TAMPA — The parade of Democratic candidates across the stage at Skipper's Smokehouse seemed endless.
Congressional hopefuls John Dicks, Bill Mitchell and Doug Tudor; Phyllis Busansky, who wants to be Hillsborough County's supervisor of elections; Hillsborough County Commission candidate Kevin Beckner, to name a few.
There were office-holders, too: Tampa City Council member Mary Mulhern and Florida CFO Alex Sink.
"Thanks for all your help and support of me up in Tallahassee," Sink told the cheering crowd.
A Get Out the Vote concert fundraiser sponsored by the Hillsborough County Gay, Lesbian, Bisexual, Transgendered and Allied Democratic Caucus.
Just three years after its creation, the caucus has earned a reputation locally as one of the most dedicated, hard-working and organized Democratic groups.
"They're one of the more significant activist groups because they're good at getting boots on the ground for candidates," said Susan Smith, who heads the Northwest Hillsborough Democratic Club and is an "allied" member of the GLBTA caucus.
The group came to be in August 2005.
That was just two months after the Hillsborough County Commission, at the behest of then-Commissioner Ronda Storms, voted to ban county sponsorship of Gay Pride events.
"A lot of what we've done is probably in direct response to that," said Sally Phillips, president of the caucus. "We saw that we needed to have our voices heard. And to have our voices heard we needed to organize."
Members staff phone banks, walk neighborhoods for candidates and organize voter registration drives.
"There's no infighting. That's what's amazing to me," said Ana Cruz, a political consultant and former executive director of the Florida Democratic Party. "Our job is to pick at the Republicans. Not one another. And they're able to do that."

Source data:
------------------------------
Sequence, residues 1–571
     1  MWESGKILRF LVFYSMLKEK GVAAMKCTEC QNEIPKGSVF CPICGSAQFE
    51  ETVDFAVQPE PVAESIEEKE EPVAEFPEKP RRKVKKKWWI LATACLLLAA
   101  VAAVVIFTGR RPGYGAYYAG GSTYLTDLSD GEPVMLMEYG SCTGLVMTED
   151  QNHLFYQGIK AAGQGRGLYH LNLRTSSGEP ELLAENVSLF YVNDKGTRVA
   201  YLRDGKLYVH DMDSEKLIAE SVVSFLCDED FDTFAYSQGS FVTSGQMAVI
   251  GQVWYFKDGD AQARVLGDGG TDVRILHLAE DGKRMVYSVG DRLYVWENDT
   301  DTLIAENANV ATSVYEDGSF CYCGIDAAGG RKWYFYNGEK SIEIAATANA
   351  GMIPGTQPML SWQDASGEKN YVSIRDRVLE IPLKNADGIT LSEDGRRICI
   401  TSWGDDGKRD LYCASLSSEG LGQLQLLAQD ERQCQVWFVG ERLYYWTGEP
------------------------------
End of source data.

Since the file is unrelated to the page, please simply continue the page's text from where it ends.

Although Hillsborough County has more registered Democrats than Republicans, the county's GOP has long been better at marshaling its forces.
In the past few years, county Democrats have been working to pull themselves together. Clubs have formed everywhere from South Tampa to the Republican strongholds of New Tampa and East Hillsborough.
But the GLBTA caucus led the way, said Pat Kemp, vice chair of the Hillsborough County Democratic Executive Committee.
"No one's been doing it as long and consistently and reliably," Kemp said. "They really set the example."
Now the group is organizing behind Kevin Beckner, an openly gay candidate making a run for the County Commission seat held by Republican Brian Blair.
He faces businessman Joe Redner, best known as the owner of the Mons Venus strip club, and civic activist Dee Layne, in the Democratic primary Aug. 26.
Phillips gets wide-eyed and excited when talking about the possibility of an openly gay county commissioner just three years after the anti-Gay Pride vote.
"It's huge," she said.
The only candidate more important than Beckner right now is Barack Obama, she said.
This year, for the first time, the caucus came out with official endorsements, one for Beckner and another for School Board candidate Stephen Gorham.
The group worked for Gorham in 2006 when he ran for the Florida Senate against Ronda Storms, but it did not officially endorse him, figuring it would hurt him more than it helped in the conservative district, said caucus vice president Ken Key.
"We try to be sensitive to what the needs of the campaign are," he said.
Now, though, he said, the strength of the caucus has empowered it to take an official stance.
"We thought we were in position to offer endorsements that mean something," he said.
But even without formal backing, Cruz said, the help of the GLBTA can make a big difference in close elections.
She points to newcomer Mulhern's win over City Council veteran Shawn Harrison last year as an example.
"They were just one of the groups that helped me," Mulhern said. "But they might have been the ones that did the most walking for me. They were huge."
With 52 members, the Hillsborough GLBTA is not the largest of Florida's 12 gay caucuses. But the Hillsborough group has gained recognition statewide as a powerhouse.
As evidence of that, Michael Albetta, president of the Florida GLBT Democratic Caucus, notes that five of Florida's 25 GLBT Democratic convention delegates belong to Hillsborough's group.
"Even the liberal counties such as Miami/Dade, Broward, Palm Beach County did not send as many as Hillsborough," he said. "They're everywhere and they're active."
Janet Zink can be reached at email@example.com or (813) 226-3401.